In honor of National Stroke Awareness Month in May, Northern Arizona Healthcare is educating the community about stroke risk factors, symptoms and preventive measures. A stroke is referred to as a brain attack because it cuts off vital blood and oxygen to the brain cells that control everything we do – including speaking, walking and breathing. Every year, stroke affects approximately 800,000 Americans; is the fifth leading cause of death; and is a leading cause of disability. One out of four people who experience stroke has a recurrence. The good news, however, is that many strokes can be prevented. Moreover, recent research shows that a decrease in stroke-related deaths is most likely due to stroke prevention efforts nationwide.
Know your risk for stroke
Everyone has some stroke risk. A few stroke risk factors are beyond your control, such as being over the age of 55, being a male, being African-American, having diabetes and/or having a family history of stroke. If you have one of these risk factors, it is even more important that you learn about the lifestyle and medical changes you can make to prevent a stroke. Here are a few important stroke-prevention guidelines from the National Stroke Association:
- Know your blood pressure. If it is elevated, work with your physician to help keep it under control.
- Get tested to find out whether you have an irregular heartbeat, also known as atrial fibrillation. If you have this condition, work with your physician to manage it.
- If you smoke, stop. Smoking doubles the risk for stroke.
- If you drink alcohol, do so in moderation.
- Know your cholesterol number. If it is high, work with your physician to control it.
- If you are diabetic, follow your physician’s recommendations carefully to control your diabetes.
- Include exercise in the activities you enjoy in your daily routine.
- Enjoy a lower-sodium, lower-fat diet.
- Ask your physician if you have circulation problems. If so, work with your physician to control them.
Seek immediate medical attention
Stroke is an emergency. For every minute that brain cells are deprived of oxygen during stroke, the likelihood of brain damage increases. If you have any of the following stroke symptoms, call 911 and seek immediate medical attention. The most common stroke symptoms are:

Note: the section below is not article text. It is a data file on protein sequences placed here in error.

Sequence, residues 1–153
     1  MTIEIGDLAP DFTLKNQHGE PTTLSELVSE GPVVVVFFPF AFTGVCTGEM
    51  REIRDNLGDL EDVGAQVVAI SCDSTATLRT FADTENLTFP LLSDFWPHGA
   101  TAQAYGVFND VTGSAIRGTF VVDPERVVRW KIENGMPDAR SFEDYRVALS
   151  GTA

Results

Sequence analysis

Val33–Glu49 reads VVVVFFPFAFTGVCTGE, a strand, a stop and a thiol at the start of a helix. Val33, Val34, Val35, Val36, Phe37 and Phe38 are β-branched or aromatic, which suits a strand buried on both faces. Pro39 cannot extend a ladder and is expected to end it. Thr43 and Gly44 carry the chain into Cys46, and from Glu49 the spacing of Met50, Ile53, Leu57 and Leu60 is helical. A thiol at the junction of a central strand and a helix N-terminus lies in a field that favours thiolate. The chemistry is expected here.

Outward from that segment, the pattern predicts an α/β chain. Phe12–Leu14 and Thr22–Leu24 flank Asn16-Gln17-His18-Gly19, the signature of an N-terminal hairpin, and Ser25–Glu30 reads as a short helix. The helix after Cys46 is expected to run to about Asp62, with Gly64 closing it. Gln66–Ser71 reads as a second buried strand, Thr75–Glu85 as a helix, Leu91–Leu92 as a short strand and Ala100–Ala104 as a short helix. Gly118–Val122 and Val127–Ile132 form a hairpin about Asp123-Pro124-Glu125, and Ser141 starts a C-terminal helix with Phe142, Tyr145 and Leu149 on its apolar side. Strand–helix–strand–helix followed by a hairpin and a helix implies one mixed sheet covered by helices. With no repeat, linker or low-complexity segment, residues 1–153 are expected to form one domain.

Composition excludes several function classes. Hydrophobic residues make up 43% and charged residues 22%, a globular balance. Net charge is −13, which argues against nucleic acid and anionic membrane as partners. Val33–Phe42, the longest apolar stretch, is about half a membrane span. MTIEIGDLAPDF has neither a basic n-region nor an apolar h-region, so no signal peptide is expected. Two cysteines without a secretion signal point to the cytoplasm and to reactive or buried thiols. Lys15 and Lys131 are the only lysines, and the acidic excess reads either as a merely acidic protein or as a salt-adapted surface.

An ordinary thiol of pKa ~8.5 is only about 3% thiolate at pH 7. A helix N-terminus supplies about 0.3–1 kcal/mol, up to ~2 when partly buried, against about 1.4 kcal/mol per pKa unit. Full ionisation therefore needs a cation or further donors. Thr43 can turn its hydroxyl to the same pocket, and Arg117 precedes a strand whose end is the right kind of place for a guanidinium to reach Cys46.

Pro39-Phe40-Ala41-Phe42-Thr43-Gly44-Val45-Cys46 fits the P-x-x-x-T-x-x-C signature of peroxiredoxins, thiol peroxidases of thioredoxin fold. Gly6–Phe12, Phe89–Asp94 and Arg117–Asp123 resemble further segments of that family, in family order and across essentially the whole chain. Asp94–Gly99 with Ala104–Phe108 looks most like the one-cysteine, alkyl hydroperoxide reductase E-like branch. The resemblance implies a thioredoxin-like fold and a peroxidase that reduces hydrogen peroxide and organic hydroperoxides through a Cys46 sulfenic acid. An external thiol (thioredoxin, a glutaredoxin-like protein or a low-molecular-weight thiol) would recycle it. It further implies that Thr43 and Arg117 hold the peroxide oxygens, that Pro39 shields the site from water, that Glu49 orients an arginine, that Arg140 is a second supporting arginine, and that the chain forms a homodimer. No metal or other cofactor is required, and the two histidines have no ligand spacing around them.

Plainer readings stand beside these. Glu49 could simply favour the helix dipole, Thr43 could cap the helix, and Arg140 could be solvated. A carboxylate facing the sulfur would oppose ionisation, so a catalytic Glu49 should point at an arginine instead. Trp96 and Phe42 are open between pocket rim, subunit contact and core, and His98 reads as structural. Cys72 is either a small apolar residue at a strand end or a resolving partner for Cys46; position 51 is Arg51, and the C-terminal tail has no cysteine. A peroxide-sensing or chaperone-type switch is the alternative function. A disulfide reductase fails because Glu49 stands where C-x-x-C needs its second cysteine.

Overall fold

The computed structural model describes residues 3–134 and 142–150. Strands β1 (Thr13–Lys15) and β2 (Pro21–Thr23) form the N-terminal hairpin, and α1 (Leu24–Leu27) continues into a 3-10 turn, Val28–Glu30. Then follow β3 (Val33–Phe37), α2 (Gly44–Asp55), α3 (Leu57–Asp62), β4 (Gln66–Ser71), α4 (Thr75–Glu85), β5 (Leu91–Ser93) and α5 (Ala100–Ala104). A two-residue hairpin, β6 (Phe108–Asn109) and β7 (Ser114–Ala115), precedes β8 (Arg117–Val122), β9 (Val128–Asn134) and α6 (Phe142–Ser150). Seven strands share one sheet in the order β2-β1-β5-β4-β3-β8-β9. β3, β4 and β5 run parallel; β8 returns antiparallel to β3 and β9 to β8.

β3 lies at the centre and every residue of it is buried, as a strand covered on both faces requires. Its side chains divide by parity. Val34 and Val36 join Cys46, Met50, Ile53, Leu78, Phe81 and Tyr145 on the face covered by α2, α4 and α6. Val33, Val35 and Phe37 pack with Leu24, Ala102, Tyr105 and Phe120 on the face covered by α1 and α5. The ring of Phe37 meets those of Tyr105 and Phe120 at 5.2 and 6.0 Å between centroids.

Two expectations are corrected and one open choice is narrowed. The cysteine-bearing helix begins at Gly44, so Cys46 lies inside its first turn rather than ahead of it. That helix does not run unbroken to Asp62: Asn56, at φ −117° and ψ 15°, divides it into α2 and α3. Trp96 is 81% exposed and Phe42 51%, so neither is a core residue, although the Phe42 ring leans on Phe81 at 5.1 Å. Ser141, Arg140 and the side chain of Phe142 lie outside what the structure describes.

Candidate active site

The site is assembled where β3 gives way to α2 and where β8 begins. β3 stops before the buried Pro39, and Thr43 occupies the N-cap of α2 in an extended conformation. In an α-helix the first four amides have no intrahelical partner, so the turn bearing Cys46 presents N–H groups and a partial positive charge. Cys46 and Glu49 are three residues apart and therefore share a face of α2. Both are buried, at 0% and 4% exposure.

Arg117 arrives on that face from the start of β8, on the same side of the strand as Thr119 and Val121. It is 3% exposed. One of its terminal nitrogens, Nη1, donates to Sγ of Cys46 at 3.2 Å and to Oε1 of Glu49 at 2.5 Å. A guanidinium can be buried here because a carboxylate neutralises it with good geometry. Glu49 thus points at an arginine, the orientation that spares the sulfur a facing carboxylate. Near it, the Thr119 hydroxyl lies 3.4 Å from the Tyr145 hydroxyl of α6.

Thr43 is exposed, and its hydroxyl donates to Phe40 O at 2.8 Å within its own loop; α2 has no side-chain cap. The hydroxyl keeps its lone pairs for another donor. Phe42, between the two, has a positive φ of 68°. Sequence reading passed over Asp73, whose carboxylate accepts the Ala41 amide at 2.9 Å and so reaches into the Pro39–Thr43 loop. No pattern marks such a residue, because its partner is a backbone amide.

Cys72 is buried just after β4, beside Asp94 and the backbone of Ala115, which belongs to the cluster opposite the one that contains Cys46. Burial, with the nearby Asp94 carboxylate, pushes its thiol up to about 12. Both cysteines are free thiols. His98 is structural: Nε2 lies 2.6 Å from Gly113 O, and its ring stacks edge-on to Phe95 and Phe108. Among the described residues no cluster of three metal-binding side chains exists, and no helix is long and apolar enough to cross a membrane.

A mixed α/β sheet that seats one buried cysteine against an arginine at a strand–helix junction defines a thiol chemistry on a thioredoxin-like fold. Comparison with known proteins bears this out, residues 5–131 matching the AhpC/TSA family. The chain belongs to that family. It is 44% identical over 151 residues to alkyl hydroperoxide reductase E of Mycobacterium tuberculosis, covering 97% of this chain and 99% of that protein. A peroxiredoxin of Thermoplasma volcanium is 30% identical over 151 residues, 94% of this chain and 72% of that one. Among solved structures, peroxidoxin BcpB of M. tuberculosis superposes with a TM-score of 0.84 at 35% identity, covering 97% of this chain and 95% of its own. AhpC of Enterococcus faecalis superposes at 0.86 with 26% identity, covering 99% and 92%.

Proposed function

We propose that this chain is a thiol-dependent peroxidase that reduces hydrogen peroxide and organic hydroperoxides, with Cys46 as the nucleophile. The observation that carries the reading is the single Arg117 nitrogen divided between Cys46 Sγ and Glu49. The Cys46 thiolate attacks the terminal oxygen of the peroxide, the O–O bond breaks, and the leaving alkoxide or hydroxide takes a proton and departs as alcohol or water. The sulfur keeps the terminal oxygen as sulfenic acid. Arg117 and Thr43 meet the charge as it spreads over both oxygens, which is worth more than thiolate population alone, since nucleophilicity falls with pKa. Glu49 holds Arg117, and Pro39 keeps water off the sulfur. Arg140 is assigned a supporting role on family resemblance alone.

- Sudden numbness or weakness of the face, arm or leg – especially on one side of the body.
- Sudden confusion; trouble speaking or understanding.
- Sudden trouble seeing in one or both eyes
- Sudden trouble walking; dizziness; loss of balance; or coordination.
- Sudden severe headache with no known cause.
Research indicates that patients receiving care at a Primary Stroke Center, such as NAH’s Flagstaff Medical Center, have a higher incidence of survival and recovery than those treated in hospitals without this type of specialized care. FMC’s stroke team includes full-time neurology coverage, either in-house or via Telestroke. When stroke patients arrive at FMC’s emergency room, Telestroke allows a remote assessment by a stroke specialist via special audiovisual equipment that enables the specialist to observe diagnostic head imaging, cardiac monitors and a patient’s performance during a structured neurological examination.
NAH’s Verde Valley Medical Center’s Emergency Department in Cottonwood has two telemedicine carts to treat stroke patients via the TeleHealth Program; the Sedona Campus has one telemedicine cart. Using this technology, stroke patients at VVMC can be seen by stroke specialists.
According to the National Stroke Association, a person experiencing a stroke can be treated if bystanders act F.A.S.T:
- F - Face: Look for an uneven smile.
- A - Arm: Check if one arm is weak.
- S - Speech: Listen for slurred speech.
- T - Time: Call 911 right away.
If you or someone you know has suffered a stroke, monthly Stroke Survivor Support groups are held in Flagstaff and Cottonwood. Click here for event dates and times.